It's an approach that ties in with Plymouth's practical sportiness message for the Barracuda, V-8 power relied on a 273 ci eight-cylinder making a respectable 180 hp.
The Barracuda's muscle car leanings emerge with the revamped second generation, and the base engine becomes the larger slant-six. Everything else centers around V-8 power, including the 273 ci engine that has a choice of dual- or quad-barrel carburetors. Although a rare find, a big-block 383 ci V-8 would provide 280 hp.
Midway through the second generation, we see horsepower notch up, and the Barracuda begins to get its performance creds. The 273 engine is dropped in favor of a 318 ci V-8, and a 340 ci engine with four barrels becomes available. The 383 gets reworked, so output now hits 300 hp.
Notably, the first Barracuda to receive a Hemi engine (a 426 ci beast) is a 1968 model built solely for drag racing. Just 50 copies of this stripped-down Super Stock racer were produced, making it an exceptionally sought-after car among Mopar collectors.
1969 is another significant year as Plymouth debuts the 'Cuda package, which could be ordered with any V-8, including the new 440 ci Super Commando. 'Cuda grows into a Barracuda performance sub-brand.
The Barracuda's last generation launched with many engine choices, including a smaller slant-six to support a low-end model. Power hits 390 hp for the 440 Super Commando, and the 426 Hemi (at 425 hp) finally becomes available in a production Barracuda.
But, the Barracuda's raw power begins to fade as the energy crisis, and federal regulations force a change. For 1972, all V-8s except for detuned 318 and 340 engines were dropped.
The Barracuda entered its final years as a performance fraction of what it once was.
As mentioned earlier, the Barracuda's roots are based on the Plymouth Valiant. Its Chrysler A-body platform entered service in 1960 and would also underpin the Dodge Dart and a host of other rear-wheel-drive vehicles. With a 106-inch wheelbase, the Barracuda slotted in perfectly with the idea of a pony car; a sporty and compact vehicle with performance capability. It was an easy grab from the corporate parts bin.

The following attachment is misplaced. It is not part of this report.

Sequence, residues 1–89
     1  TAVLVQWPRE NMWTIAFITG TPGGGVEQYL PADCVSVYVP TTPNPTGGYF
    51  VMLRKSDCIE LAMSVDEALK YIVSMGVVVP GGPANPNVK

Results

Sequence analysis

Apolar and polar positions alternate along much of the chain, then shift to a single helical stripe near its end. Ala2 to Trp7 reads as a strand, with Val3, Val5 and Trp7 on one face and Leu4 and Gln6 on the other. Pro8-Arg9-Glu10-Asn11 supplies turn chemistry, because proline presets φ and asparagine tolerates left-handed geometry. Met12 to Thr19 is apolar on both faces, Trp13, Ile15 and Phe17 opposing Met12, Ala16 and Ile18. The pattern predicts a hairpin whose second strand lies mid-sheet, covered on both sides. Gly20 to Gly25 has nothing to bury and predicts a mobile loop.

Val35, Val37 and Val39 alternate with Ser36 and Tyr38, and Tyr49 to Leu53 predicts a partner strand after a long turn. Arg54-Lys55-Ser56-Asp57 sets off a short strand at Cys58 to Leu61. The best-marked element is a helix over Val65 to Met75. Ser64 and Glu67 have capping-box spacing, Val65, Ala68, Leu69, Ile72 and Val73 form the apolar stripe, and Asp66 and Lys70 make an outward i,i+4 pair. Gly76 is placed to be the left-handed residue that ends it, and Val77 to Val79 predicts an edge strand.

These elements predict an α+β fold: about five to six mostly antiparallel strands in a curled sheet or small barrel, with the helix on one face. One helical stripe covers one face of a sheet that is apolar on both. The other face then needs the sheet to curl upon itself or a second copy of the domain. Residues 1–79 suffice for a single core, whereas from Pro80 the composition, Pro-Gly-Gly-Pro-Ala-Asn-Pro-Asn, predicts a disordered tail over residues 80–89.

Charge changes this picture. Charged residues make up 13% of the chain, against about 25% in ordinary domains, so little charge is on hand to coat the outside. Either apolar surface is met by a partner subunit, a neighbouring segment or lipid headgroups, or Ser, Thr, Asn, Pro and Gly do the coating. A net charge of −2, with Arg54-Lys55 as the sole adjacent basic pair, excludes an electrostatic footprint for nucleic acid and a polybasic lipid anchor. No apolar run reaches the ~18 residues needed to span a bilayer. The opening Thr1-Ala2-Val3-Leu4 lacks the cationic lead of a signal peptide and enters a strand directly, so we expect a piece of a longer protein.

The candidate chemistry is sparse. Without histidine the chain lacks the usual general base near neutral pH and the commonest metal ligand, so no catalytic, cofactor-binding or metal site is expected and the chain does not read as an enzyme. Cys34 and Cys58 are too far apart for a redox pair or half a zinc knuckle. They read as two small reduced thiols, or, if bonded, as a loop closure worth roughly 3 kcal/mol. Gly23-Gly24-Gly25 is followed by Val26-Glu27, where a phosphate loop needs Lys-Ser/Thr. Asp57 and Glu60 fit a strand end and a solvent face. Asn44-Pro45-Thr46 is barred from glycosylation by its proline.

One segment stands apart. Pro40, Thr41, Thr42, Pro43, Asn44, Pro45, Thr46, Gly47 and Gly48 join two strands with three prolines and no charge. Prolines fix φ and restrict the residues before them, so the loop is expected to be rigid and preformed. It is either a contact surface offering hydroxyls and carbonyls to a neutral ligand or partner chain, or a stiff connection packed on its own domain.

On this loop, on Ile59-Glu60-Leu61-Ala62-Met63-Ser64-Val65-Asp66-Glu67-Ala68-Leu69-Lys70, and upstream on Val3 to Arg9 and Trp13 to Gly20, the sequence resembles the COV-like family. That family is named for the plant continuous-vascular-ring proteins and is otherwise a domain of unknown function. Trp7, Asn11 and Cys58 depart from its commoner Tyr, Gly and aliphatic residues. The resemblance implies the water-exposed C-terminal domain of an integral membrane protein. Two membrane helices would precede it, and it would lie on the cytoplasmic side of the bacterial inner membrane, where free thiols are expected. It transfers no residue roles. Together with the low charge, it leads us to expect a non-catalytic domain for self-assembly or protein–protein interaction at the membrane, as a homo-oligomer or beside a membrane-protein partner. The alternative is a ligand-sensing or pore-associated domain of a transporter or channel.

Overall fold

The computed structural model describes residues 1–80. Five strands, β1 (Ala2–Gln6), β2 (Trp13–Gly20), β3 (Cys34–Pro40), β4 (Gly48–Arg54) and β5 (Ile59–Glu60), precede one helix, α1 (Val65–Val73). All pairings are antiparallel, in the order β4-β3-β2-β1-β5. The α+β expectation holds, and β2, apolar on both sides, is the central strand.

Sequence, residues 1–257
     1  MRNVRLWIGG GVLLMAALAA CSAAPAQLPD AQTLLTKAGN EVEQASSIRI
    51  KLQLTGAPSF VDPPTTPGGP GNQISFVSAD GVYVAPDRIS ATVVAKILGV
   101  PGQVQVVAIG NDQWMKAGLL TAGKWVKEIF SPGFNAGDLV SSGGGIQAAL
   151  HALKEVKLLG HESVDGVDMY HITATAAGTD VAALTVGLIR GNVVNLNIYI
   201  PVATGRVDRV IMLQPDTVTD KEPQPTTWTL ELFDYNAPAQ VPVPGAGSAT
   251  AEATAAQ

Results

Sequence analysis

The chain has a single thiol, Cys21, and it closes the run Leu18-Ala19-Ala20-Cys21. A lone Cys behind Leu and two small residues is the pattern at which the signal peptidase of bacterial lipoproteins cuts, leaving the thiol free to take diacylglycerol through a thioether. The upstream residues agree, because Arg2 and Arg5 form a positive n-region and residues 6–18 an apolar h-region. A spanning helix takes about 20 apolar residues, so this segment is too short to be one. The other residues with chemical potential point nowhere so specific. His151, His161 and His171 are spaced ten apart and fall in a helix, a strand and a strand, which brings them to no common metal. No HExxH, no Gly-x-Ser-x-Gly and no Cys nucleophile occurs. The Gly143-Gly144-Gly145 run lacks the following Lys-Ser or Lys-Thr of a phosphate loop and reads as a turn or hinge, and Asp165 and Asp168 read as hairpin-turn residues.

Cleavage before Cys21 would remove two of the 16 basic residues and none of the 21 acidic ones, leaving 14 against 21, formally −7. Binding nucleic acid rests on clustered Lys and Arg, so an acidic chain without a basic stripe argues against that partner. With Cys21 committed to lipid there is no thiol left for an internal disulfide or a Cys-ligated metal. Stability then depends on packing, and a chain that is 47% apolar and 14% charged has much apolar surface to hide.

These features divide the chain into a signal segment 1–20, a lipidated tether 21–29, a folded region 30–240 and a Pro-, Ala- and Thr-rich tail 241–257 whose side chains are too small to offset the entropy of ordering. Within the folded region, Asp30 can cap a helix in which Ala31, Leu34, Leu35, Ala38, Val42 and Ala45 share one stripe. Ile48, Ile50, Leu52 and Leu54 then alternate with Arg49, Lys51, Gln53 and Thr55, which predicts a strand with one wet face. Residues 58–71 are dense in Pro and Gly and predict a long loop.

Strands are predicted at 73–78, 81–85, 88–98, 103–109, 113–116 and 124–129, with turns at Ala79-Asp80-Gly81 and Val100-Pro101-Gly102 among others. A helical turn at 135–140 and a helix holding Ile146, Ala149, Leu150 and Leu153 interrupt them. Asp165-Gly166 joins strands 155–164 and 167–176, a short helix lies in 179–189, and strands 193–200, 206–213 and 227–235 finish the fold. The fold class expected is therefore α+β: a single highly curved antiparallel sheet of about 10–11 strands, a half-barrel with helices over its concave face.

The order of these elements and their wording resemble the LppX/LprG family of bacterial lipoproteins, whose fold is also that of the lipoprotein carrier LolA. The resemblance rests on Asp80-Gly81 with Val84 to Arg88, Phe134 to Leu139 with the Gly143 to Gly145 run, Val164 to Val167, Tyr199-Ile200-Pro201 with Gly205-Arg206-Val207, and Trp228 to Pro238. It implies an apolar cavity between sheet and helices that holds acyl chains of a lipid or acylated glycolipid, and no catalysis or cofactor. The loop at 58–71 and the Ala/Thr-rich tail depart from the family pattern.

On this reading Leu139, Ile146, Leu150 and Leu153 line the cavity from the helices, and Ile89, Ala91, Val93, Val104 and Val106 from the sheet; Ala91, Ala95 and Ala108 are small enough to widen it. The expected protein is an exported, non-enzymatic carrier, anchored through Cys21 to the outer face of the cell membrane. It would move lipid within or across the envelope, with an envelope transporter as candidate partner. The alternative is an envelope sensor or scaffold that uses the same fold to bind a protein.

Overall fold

As the smallest of the Big Three, Chrysler was always the automaker that had to try a little harder, plus, the company always seemed to be resource-challenged. It's no surprise that the first Barracuda gets modest grades for originality but Chrysler engineers and designers have always had a knack for pulling a rabbit out of a magician's hat when needed.
Beginning with the second generation, the Barracuda starts to sprout fins (figuratively). The A-body platform continues, but the wheelbase is lengthened by two inches to accommodate a more flowing body. At the same time, the chassis and engine compartment are designed to welcome a multitude of V-8 engines. In addition, a notchback coupe and convertible now join the fastback.
The new exterior and body styles also help to separate the Barracuda from its poorer cousin, the Valiant. Sure, you can see the family resemblance, but the Barracuda is finally able to step out on its own.
Chrysler deserves credit for reinvigorating the Barracuda with a new platform for the third generation. It's worth noting that even with a mid-cycle update in 1969, the Mustang soldiered on with the same basic chassis until the Mustang II was launched for 1974. This Plymouth (available only as a hardtop coupe or convertible) could now rightfully be called a muscle car by moving the Barracuda to Chrysler's E-body chassis. This move is reinforced by its platform-mate, the Dodge Challenger, an already established muscle car.
At long last, the Barracuda's looks—a tapered front end, squat roofline, and muscular hindquarters—match what's under the hood.